Activated αIIbβ3 on platelets mediates flow-dependent NETosis via SLC44A2

  1. Adela Constantinescu-Bercu
  2. Luigi Grassi
  3. Mattia Frontini
  4. Isabelle I Salles-Crawley  Is a corresponding author
  5. Kevin Woollard  Is a corresponding author
  6. James TB Crawley  Is a corresponding author
  1. Imperial College London, United Kingdom
  2. University of Cambridge, United Kingdom

Abstract

Platelet-neutrophil interactions are important for innate immunity, but also contribute to the pathogenesis of deep vein thrombosis, myocardial infarction and stroke. Here we report that, under flow, von Willebrand factor/glycoprotein Iba-dependent platelet 'priming' induces integrin aIIbb3 activation that, in turn, mediates neutrophil and T-cell binding. Binding of platelet aIIbb3 to SLC44A2 on neutrophils leads to mechanosensitive-dependent production of highly prothrombotic neutrophil extracellular traps. A polymorphism in SLC44A2 (rs2288904-A) present in 22% of the population causes an R154Q substitution in an extracellular loop of SLC44A2 that is protective against venous thrombosis results in severely impaired binding to both activated aIIbb3 and VWF-primed platelets. This was confirmed using neutrophils homozygous for the SLC44A2 R154Q polymorphism. Taken together, these data reveal a previously unreported mode of platelet-neutrophil crosstalk, mechanosensitive NET production, and provide mechanistic insight into the protective effect of the SLC44A2 rs2288904-A polymorphism in venous thrombosis.

Data availability

All data generated or analysed during this study are included in the manuscript and supporting files. The source data underlying Figs 1, 2, 3, 4, 5c, 6, 8, and Figure 1, 3 and 7 Supplements are provided in separate 'Source Data' files.

Article and author information

Author details

  1. Adela Constantinescu-Bercu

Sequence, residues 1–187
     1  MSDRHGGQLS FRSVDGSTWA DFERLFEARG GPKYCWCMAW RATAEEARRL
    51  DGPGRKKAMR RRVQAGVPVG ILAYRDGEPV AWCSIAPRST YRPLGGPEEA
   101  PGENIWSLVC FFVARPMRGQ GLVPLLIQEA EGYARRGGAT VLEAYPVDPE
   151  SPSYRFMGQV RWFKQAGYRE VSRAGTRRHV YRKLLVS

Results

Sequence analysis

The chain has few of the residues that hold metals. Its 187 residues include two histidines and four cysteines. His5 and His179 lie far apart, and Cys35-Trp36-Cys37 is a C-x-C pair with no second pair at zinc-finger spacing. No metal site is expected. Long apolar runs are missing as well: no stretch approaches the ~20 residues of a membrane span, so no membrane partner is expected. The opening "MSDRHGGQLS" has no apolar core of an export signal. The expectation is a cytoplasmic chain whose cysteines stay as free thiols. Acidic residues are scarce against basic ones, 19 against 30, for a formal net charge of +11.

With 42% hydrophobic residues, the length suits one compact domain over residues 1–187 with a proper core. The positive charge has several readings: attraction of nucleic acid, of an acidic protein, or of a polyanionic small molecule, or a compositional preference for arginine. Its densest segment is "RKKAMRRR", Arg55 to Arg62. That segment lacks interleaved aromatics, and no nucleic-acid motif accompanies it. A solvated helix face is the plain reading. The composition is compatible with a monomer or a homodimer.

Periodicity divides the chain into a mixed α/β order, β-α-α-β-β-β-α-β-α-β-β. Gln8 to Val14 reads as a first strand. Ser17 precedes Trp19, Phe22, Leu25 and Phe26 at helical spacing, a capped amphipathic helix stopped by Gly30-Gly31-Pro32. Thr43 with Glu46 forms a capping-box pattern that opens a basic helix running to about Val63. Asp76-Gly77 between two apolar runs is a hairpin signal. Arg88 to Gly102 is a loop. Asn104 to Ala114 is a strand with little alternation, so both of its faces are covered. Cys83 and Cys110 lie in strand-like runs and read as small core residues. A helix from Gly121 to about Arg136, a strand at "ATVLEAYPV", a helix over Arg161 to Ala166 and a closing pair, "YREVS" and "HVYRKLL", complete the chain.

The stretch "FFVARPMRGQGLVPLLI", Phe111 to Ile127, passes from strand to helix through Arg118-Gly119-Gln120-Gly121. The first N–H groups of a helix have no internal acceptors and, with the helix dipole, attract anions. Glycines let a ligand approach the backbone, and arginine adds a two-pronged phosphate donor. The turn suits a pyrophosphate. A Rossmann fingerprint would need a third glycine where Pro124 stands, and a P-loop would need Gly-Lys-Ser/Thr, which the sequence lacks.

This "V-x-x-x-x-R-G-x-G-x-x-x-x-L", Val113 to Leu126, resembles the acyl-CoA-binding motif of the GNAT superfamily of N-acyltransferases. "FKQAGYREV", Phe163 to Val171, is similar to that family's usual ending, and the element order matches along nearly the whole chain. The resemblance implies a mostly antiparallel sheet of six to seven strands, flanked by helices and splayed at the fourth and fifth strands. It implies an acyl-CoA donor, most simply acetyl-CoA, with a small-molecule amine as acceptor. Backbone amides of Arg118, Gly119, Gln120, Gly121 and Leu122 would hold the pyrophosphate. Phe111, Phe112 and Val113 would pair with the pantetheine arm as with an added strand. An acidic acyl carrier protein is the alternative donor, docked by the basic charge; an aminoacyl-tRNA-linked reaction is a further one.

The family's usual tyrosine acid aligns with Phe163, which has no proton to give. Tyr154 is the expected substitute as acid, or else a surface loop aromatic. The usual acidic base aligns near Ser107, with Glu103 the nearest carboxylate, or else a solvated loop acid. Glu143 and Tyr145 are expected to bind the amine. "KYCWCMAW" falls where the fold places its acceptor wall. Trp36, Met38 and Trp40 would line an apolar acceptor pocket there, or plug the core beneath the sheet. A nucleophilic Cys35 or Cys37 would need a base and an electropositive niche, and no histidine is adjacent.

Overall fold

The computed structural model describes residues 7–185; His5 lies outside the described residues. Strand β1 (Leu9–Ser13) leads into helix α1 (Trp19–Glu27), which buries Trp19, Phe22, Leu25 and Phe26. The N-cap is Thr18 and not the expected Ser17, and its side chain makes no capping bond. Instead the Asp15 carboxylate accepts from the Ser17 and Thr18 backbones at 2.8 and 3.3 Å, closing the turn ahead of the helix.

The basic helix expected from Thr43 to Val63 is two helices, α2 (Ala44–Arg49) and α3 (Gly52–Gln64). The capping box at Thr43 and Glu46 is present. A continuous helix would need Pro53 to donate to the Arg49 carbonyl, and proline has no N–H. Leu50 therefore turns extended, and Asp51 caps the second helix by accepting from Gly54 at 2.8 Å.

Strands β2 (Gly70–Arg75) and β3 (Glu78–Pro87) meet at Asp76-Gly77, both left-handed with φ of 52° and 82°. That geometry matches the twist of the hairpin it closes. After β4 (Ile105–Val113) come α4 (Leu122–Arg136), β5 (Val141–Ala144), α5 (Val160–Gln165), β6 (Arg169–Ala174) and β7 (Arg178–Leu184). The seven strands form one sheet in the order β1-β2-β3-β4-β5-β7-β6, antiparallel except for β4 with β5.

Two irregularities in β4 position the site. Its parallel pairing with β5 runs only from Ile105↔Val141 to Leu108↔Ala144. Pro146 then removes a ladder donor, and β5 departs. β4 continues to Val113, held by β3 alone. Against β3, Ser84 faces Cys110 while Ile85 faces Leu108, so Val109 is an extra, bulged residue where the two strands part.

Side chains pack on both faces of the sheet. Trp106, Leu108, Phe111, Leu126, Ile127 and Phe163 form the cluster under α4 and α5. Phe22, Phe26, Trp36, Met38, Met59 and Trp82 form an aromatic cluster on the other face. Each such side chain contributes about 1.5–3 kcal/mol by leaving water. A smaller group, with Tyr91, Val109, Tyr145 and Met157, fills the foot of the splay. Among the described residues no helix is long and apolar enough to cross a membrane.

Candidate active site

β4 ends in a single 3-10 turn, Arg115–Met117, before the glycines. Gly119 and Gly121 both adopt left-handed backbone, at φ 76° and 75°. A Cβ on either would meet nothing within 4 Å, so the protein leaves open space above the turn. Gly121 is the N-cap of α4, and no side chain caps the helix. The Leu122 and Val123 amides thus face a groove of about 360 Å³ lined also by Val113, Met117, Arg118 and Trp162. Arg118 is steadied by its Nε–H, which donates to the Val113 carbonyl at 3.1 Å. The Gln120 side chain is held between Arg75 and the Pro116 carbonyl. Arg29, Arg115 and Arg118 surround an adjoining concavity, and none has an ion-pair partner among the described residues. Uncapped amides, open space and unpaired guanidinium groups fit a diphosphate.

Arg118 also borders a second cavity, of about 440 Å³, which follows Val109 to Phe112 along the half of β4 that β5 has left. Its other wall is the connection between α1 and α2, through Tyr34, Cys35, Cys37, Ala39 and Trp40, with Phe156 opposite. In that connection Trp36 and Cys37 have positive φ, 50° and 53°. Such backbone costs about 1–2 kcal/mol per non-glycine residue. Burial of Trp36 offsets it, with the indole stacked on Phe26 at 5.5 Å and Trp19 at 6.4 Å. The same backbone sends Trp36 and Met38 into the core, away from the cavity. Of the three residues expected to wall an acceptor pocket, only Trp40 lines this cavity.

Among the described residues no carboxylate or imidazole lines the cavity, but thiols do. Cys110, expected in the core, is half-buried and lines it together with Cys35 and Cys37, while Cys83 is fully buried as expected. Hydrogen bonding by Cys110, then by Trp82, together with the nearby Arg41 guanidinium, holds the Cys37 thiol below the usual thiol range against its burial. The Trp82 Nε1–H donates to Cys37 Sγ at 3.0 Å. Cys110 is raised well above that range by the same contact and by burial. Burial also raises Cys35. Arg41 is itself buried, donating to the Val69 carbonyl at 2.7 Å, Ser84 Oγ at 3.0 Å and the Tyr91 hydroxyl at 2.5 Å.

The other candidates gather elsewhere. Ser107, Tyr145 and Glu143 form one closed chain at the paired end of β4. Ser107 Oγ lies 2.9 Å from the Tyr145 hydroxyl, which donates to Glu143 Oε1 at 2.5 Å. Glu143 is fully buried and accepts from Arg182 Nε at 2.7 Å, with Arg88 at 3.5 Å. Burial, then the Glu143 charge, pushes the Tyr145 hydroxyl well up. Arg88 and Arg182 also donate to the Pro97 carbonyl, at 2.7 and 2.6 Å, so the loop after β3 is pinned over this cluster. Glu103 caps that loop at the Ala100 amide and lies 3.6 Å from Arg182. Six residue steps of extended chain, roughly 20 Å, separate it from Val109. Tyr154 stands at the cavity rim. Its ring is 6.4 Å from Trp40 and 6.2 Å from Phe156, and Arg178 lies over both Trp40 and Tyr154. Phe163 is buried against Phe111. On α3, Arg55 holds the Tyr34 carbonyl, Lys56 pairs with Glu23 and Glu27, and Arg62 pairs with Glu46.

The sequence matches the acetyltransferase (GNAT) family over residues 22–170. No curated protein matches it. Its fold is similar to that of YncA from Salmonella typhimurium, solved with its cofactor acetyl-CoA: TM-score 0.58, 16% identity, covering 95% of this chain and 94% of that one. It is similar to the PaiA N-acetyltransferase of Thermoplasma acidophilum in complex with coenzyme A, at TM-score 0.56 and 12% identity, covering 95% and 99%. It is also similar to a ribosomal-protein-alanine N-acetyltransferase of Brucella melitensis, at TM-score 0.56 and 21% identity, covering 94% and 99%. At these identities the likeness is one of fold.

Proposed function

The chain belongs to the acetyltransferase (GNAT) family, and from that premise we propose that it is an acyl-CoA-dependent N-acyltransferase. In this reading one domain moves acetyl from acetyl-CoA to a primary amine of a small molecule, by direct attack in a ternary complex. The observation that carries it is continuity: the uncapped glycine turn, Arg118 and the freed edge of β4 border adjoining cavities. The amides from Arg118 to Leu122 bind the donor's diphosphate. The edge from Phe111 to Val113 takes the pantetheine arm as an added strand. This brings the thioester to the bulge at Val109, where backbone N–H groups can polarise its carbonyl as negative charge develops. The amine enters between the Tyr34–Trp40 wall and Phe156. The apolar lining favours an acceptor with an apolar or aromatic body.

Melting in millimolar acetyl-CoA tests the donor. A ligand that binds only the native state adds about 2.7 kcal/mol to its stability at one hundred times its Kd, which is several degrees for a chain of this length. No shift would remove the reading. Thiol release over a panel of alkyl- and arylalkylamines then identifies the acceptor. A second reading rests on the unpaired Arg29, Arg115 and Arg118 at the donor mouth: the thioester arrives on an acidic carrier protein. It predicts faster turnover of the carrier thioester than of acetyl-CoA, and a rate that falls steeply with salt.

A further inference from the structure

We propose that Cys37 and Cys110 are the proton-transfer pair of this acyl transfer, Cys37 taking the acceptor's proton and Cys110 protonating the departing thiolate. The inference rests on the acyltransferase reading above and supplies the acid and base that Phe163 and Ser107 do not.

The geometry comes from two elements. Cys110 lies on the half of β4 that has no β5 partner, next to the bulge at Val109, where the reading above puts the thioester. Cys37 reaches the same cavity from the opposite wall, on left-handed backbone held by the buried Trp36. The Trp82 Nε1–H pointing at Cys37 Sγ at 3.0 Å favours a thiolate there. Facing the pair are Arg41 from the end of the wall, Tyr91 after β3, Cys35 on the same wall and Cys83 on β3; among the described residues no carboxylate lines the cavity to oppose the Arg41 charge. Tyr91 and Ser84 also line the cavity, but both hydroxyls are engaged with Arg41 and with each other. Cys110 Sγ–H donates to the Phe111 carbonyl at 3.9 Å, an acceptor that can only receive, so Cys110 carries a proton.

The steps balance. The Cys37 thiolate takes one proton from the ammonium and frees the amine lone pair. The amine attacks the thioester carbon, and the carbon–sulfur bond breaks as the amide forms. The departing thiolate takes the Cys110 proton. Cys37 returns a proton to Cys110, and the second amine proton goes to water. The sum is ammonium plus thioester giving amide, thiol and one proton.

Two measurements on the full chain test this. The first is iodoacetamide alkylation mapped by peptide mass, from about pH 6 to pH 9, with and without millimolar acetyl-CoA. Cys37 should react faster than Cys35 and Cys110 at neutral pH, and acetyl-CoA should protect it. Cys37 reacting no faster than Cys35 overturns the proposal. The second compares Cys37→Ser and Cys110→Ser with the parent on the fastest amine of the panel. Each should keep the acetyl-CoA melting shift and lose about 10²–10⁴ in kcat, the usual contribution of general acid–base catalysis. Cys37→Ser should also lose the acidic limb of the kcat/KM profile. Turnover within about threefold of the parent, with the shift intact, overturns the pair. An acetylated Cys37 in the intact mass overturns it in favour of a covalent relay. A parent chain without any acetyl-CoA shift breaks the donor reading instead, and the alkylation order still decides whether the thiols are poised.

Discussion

Centre for Haematology, Department of Immunology and Inflammation, Imperial College London, London, United Kingdom
    Competing interests
    The authors declare that no competing interests exist.
    ORCID icon "This ORCID iD identifies the author of this article:" 0000-0002-1274-2867
  2. Luigi Grassi

    Department of Haematology, University of Cambridge, Cambridge, United Kingdom
    Competing interests
    The authors declare that no competing interests exist.
  3. Mattia Frontini

    Department of Haematology, University of Cambridge, Cambridge, United Kingdom
    Competing interests
    The authors declare that no competing interests exist.
  4. Isabelle I Salles-Crawley

    Centre for Haematology, Department of Immunology and Inflammation, Imperial College London, London, United Kingdom
    For correspondence
    i.salles@imperial.ac.uk
    Competing interests
    The authors declare that no competing interests exist.
  5. Kevin Woollard

    Centre for Inflammatory Disease, Department of Immunology and Inflammation, Imperial College London, London, United Kingdom
    For correspondence
    k.woollard@imperial.ac.uk
    Competing interests
    The authors declare that no competing interests exist.
    ORCID icon "This ORCID iD identifies the author of this article:" 0000-0002-9839-5463
  6. James TB Crawley

    Centre for Haematology, Department of Immunology and Inflammation, Imperial College London, London, United Kingdom
    For correspondence
    j.crawley@imperial.ac.uk
    Competing interests
    The authors declare that no competing interests exist.
    ORCID icon "This ORCID iD identifies the author of this article:" 0000-0002-6723-7841

Funding

British Heart Foundation (FS/15/65/32036)

  • Isabelle I Salles-Crawley
  • Kevin Woollard
  • James TB Crawley

British Heart Foundation (PG/17/22/32868)

  • Isabelle I Salles-Crawley
  • Kevin Woollard
  • James TB Crawley

British Heart Foundation (FS/18/53/33863)

  • Mattia Frontini

The funders had no role in study design, data collection and interpretation, or the decision to submit the work for publication.

Reviewing Editor

  1. David Ginsburg, Howard Hughes Medical Institute, University of Michigan, United States

Ethics

Human subjects: Specific ethical approval was obtained from the Imperial College Research Ethics Committee (19IC5523) for drawing blood from healthy volunteers and genotyping these for the SLC44A2 SNP. Fresh blood was collected from consented healthy volunteers.

Version history

  1. Received: November 6, 2019
  2. Accepted: April 20, 2020
  3. Accepted Manuscript published: April 21, 2020 (version 1)
  4. Version of Record published: May 27, 2020 (version 2)

Copyright

© 2020, Constantinescu-Bercu et al.

This article is distributed under the terms of the Creative Commons Attribution License permitting unrestricted use and redistribution provided that the original author and source are credited.

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  1. Adela Constantinescu-Bercu
  2. Luigi Grassi
  3. Mattia Frontini
  4. Isabelle I Salles-Crawley
  5. Kevin Woollard
  6. James TB Crawley
(2020)
Activated αIIbβ3 on platelets mediates flow-dependent NETosis via SLC44A2
eLife 9:e53353.
https://doi.org/10.7554/eLife.53353

Share this article

https://doi.org/10.7554/eLife.53353

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